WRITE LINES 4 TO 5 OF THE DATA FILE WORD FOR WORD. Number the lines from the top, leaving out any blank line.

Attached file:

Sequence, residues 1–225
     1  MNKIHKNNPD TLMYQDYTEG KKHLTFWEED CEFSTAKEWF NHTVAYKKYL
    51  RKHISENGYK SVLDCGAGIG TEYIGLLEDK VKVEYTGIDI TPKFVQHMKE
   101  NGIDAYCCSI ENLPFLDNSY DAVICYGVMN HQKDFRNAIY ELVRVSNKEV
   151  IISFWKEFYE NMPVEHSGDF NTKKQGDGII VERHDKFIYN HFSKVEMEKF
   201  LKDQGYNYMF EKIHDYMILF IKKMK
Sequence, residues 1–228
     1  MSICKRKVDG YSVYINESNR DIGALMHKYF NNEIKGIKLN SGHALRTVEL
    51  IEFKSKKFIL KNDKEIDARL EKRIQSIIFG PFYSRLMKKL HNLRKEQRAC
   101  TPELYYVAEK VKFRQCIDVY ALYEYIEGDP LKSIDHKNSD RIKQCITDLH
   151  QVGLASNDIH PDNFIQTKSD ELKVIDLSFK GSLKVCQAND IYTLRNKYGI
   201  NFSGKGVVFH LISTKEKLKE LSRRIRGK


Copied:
   101  NGIDAYCCSI ENLPFLDNSY DAVICYGVMN HQKDFRNAIY ELVRVSNKEV
   151  IISFWKEFYE NMPVEHSGDF NTKKQGDGII VERHDKFIYN HFSKVEMEKF